How 'American Horror Story: Coven' Changed Television
This week Ryan Murphy's horror anthology American Horror Story wrapped up its third installment with the conclusion of its "Coven" storyline. The drama, which debuted in 2011, has always played by its own rules and each year seems to find a new way to one up itself in shock value. As a result, though, it's always come with a question mark: will audiences respond to it in a positive way? Well, so far so good and it is having a profound effect on the industry.
FX (a subsidiary of News Corp ), knew it was a risk to air this show. The network helped give series creator Ryan Murphy his big break with Nip/Tuck and knew how dark the talented showrunner could get with his material. Yet it was a groundbreaking concept -- how could a network that has "there is no box" as a motto not take a flier on the project?
The idea was simple in that it would be a different self-contained story every year with an "A-list" cast bringing it to life (or death, as the case often has been). With Dylan McDermott, Connie Britton, and the incomparable Jessica Lange attached for the first round, FX's decision was looking better with each passing day.
Eventually it not only proved to be a ratings hit, but FX saw a secondary boost in that it was suddenly back in the awards game. While the network has always had stellar programming, it wasn't always recognized. Now Horror was a putting a real fright into category leader HBO.
Because it was a self-contained story, it was eligible for the newly merged "Made For TV/Mini-Series" category at the Emmys, which caused a huge industry stir. Other networks questioned the legality of the entry, but the Academy of Television Arts & Sciences made the right call and the show has earned 17 nominations, with a handful of wins.
From the beginning, viewers embraced the unique concept and season one, nicknamed Murder House, averaged around 2.8 million viewers an episode. Yes, the series took a small hit the following year as Asylum fell a bit and netted 2.5 million viewers an episode, but they returned in droves for Coven.
The third mini-series in the Horror anthology is expected to end its run with an average viewership of 4 million. This week's capper snared 4.2 million viewers to be exact and 2.8 million of those fell in the all-important 18-49 demographic advertisers' love. When all is said and done, the episode could be the highest performer yet for the drama.
FX was also quick to note that the mini-series was in the top 20 in the 18-49 demo overall and number five overall when looking just at cable (behind The Walking Dead, Breaking Bad, and network sibling Sons of Anarchy).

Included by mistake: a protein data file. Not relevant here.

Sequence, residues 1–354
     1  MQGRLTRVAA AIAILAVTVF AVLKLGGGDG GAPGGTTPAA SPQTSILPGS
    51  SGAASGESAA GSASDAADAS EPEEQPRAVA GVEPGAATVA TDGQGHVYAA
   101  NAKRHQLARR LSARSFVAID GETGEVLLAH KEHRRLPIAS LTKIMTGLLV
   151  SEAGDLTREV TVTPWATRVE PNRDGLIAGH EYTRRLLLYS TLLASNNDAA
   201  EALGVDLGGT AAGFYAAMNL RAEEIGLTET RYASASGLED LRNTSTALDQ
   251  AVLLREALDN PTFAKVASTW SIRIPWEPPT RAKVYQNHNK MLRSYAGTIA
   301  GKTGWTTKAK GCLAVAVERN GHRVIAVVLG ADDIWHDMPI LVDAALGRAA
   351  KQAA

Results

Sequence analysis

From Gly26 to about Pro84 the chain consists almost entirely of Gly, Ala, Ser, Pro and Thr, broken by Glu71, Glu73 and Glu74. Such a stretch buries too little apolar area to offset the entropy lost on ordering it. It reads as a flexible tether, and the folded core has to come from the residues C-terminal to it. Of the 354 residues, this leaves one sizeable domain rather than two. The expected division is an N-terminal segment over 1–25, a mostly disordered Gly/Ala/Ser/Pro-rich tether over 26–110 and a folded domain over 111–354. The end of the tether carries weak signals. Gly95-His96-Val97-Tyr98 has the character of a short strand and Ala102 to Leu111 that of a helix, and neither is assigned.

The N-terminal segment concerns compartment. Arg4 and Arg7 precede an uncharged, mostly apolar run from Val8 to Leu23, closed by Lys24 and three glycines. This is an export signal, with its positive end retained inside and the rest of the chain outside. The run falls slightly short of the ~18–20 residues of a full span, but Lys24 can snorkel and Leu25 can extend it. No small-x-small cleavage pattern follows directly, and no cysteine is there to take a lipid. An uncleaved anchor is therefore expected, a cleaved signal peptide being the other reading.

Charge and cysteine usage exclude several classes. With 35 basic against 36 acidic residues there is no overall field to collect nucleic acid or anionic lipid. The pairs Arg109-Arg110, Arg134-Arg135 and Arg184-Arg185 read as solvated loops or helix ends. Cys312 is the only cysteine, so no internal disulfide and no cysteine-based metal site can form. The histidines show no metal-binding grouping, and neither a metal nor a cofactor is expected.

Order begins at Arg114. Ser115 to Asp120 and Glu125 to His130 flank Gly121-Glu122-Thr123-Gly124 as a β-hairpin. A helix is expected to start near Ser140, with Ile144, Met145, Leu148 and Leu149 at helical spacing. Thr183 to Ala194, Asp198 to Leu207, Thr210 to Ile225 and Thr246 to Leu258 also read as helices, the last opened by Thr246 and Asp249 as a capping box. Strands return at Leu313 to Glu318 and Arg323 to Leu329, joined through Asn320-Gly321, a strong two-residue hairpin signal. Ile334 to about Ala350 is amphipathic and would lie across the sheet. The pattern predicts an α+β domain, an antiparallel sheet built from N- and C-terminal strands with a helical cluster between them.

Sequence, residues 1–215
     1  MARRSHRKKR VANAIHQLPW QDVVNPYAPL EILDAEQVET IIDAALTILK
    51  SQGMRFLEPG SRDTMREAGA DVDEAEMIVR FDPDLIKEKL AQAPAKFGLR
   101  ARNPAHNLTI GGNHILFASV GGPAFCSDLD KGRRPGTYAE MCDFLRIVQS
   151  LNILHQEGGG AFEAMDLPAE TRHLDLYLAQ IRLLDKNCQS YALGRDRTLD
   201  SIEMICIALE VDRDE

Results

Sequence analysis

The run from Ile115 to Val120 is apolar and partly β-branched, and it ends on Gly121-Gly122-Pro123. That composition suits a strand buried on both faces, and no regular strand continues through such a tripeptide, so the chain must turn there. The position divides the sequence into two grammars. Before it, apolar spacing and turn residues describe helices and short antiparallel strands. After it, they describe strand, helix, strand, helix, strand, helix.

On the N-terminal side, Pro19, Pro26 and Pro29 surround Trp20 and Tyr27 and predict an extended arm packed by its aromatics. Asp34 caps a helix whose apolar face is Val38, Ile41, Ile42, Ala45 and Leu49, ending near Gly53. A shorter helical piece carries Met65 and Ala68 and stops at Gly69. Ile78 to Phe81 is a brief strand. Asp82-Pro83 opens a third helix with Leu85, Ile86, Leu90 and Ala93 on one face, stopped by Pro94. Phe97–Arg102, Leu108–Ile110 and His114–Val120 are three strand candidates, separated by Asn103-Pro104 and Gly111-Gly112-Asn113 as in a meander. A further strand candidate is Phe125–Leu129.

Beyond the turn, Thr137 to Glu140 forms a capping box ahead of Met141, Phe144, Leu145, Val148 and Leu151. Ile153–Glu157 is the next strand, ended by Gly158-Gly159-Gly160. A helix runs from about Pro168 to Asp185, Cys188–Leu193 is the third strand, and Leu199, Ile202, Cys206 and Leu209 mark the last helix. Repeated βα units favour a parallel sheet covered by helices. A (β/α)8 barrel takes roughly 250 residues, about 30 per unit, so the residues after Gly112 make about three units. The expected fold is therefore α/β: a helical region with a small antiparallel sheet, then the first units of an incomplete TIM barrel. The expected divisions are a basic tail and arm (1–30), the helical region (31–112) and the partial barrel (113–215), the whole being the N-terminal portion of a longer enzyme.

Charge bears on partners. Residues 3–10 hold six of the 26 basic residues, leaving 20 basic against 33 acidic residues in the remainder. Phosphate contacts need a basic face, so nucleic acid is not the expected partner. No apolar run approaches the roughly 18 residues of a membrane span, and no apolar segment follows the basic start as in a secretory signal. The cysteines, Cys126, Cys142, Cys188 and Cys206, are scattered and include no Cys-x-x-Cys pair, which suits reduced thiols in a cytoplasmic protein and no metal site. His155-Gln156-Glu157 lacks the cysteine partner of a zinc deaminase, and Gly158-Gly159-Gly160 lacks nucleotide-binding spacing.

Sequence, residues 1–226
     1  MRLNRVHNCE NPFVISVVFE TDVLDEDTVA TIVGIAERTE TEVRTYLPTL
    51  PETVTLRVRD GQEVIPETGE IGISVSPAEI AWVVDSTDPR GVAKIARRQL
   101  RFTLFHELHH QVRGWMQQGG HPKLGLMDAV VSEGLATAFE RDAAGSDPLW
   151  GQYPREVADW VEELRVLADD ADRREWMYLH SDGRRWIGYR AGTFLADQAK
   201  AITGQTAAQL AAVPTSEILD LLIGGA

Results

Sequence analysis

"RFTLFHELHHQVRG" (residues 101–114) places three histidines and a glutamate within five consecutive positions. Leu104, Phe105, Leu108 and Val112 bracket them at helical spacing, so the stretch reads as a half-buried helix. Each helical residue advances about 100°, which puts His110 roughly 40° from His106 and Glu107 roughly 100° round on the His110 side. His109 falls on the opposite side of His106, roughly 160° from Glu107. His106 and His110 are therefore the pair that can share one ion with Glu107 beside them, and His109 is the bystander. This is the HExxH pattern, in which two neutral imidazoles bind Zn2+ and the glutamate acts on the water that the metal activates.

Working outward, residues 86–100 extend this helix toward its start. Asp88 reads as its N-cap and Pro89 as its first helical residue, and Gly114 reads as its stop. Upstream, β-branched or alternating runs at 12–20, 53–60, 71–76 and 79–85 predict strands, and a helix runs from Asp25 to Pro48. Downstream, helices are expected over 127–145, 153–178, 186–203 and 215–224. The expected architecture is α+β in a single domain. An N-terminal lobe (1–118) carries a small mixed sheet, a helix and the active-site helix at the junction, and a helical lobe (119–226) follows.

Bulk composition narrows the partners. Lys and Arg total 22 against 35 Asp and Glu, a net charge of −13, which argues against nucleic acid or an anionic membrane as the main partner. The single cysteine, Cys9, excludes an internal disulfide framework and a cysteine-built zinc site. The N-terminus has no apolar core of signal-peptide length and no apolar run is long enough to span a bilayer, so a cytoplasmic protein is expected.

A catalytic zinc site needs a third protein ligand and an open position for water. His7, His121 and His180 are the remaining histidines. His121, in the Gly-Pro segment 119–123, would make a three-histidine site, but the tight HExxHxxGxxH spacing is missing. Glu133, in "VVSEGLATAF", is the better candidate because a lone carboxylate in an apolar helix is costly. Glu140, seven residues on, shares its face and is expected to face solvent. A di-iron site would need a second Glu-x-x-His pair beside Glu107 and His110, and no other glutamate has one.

The Horror business
American Horror Story's success comes at a good time for FX. The network is preparing to say goodbye to Sons later this year and Justified in 2015. At that point it will be FX's most established series and an anchor show that, along with The Americans and The Bridge, will need to help the network continue hold its footing until some of its newer series gain traction with audiences.
Yet the majority of Horror's success rests with its cast. The show can get actors like Lange, James Cromwell, Kathy Bates, and Angela Bassett because the show is self-contained. The network can lure these big-name film stars to TV because it is appealing to them that it is such a small time commitment and the upside is huge.
FX has literally helped changed the business model and rivals like HBO are beginning to take notice. The network took a page out of FX's playbook and this year launched True Detective. The (mini)-series is also designed to be an anthology and, as a result, was able to attract Matthew McConaughey and Woody Harrelson for the lead roles. It won't be long until other networks update their strategy as well.
Overall, this is a franchise that's proven that short-form series have just as much of a role on TV as long-form and the business impact has already been considerable. The Emmys are now considering separating the "Made-for-TV Movie/Mini-Series" category back into two separate races. This comes after they were unified because the "mini-series" field was seeing fewer and fewer entries.
With the new awards category and the commercial and critical success of American Horror Story, it's likely we'll see the medium continue to evolve. Competitors who don't follow FX's lead might miss out on name actors and Emmys, and could even see a decline in their ad values. Now that would be scary.
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